Class 1 Division 2 references an area where ignitable concentrations of flammable gases, vapors or liquids are present within the atmosphere under abnormal operating conditions. As a result, any equipment that resides in that area must be classified in order to operate under such conditions.
On the other side of that, diesel and gasoline is heavier than air and, therefore, pools on the ground and fumes/liquid seep into the floor and pits. In facilities where maintenance or storage occurs on diesel- or gasoline-powered vehicles, all equipment that falls within 18” of the floor must be Class 1 Division 2.
This is important to consider because if you are building a new facility and considering switching to CNG in the future, making your new garage CNG compliant from the start is much cheaper than retrofitting it down the road.
In most cases, if the building being retrofitted already meets today’s codes, the cost to get it compliant with CNG codes is incremental. The problem lies in the fact that there are a lot of facilities being used regularly that do not even meet today’s standards for ventilation. These facilities cost more when being retrofitted due to the need to make them current with today’s requirements before considering CNG code compliance.
THE MANY PATHS TO COMPLIANCE
There are several different ways to become CNG compliant. There is not one correct way, or a one-size-fits-all solution.
For example, when retrofitting your garage you have the option of increasing the number of air changes, operating the ventilation system continuously or installing a bunch of methane detectors in order to detect a leak. You can also make alterations to your facility to eliminate pockets in the ceiling where gas collects, or designate a confined area where maintenance and/or storage of CNG vehicles occur to limit the amount of modifications needed.
In some cases, it may be more cost effective to build a brand new facility altogether.
If you prefer not to upgrade your facility, you can outsource the maintenance and storage of your CNG vehicles. That was the decision Try-it Distributing made when it realized that funding for facility upgrades was non-existent.
“The third part beyond the trucks and the filling station would be the building modifications to support the trucks when inside the building for maintenance,” explained Try-it’s Gicewicz. “Because we are not doing it on-site, that really took that third component off the table for us.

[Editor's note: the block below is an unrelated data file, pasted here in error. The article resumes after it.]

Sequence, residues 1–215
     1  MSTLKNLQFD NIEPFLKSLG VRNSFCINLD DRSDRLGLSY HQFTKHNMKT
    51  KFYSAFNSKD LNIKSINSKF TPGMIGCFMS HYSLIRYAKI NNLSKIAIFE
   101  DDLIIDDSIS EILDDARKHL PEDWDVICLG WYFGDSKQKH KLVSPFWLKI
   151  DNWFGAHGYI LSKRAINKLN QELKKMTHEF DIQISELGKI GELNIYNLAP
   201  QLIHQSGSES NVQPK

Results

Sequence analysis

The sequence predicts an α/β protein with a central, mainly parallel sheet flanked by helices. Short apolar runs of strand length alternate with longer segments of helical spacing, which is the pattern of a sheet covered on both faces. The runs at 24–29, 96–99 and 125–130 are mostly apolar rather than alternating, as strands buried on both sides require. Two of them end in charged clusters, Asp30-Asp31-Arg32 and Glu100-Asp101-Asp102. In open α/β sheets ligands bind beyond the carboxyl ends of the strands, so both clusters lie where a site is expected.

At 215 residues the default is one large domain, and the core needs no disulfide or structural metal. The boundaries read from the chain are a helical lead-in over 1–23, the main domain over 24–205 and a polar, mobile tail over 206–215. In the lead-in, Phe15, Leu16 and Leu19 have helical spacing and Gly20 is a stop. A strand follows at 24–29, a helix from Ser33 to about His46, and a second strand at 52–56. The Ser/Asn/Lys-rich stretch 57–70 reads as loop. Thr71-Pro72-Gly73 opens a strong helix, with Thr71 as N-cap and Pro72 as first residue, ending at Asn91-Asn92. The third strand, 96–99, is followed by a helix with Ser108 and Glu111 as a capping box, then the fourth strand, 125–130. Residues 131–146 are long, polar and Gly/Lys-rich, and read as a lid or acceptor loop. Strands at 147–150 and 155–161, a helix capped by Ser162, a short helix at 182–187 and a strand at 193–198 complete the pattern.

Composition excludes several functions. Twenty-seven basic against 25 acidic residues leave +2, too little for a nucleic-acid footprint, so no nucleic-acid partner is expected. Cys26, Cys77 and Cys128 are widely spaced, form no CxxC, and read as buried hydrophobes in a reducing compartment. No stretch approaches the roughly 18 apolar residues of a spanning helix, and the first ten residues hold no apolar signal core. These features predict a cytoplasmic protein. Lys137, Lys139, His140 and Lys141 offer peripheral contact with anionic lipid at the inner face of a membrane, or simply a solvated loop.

“I fully expected us to have to drop $500,000 to $600,000 into our facility to come up to code. It was nice that that price tag went away.”
Try-it entered into a design-build, own and operate contract with Kenworth Truck Company to service Try-it’s CNG vehicles at the OEM’s facility in Buffalo, NY. Kenworth is making the necessary upgrades to its maintenance facility there in order to service Try-it’s fleet, taking a sizable chunk of change out of Try-it’s project cost altogether.
Try-it will still be making minor upgrades to a limited part of its facility to accommodate the CNG vehicles that are indoors briefly when being loaded with product.
The type of modifications needed depends on what the maintenance facility is being used for. For example:
- Storage/Light Maintenance: Requires continuous ventilation or methane detection using methane detectors and then implementation of an approved response, such as increasing ventilation, shutting down electric devices and/or opening doors.
- Heavy Maintenance: Requires continuous ventilation or methane detection using methane detectors and then implementation of an approved response, such as increasing ventilation to exceed normal ventilation rates, shutting down electric devices and/or opening doors.
WHAT CODES AFFECT CNG?
Your trusted advisor can help to make sense of international, national, state and local codes and their contradictions, and navigate you through the facility retrofit. The major codes that affect maintenance facilities come from the National Fire Protection Association (NFPA). They include:
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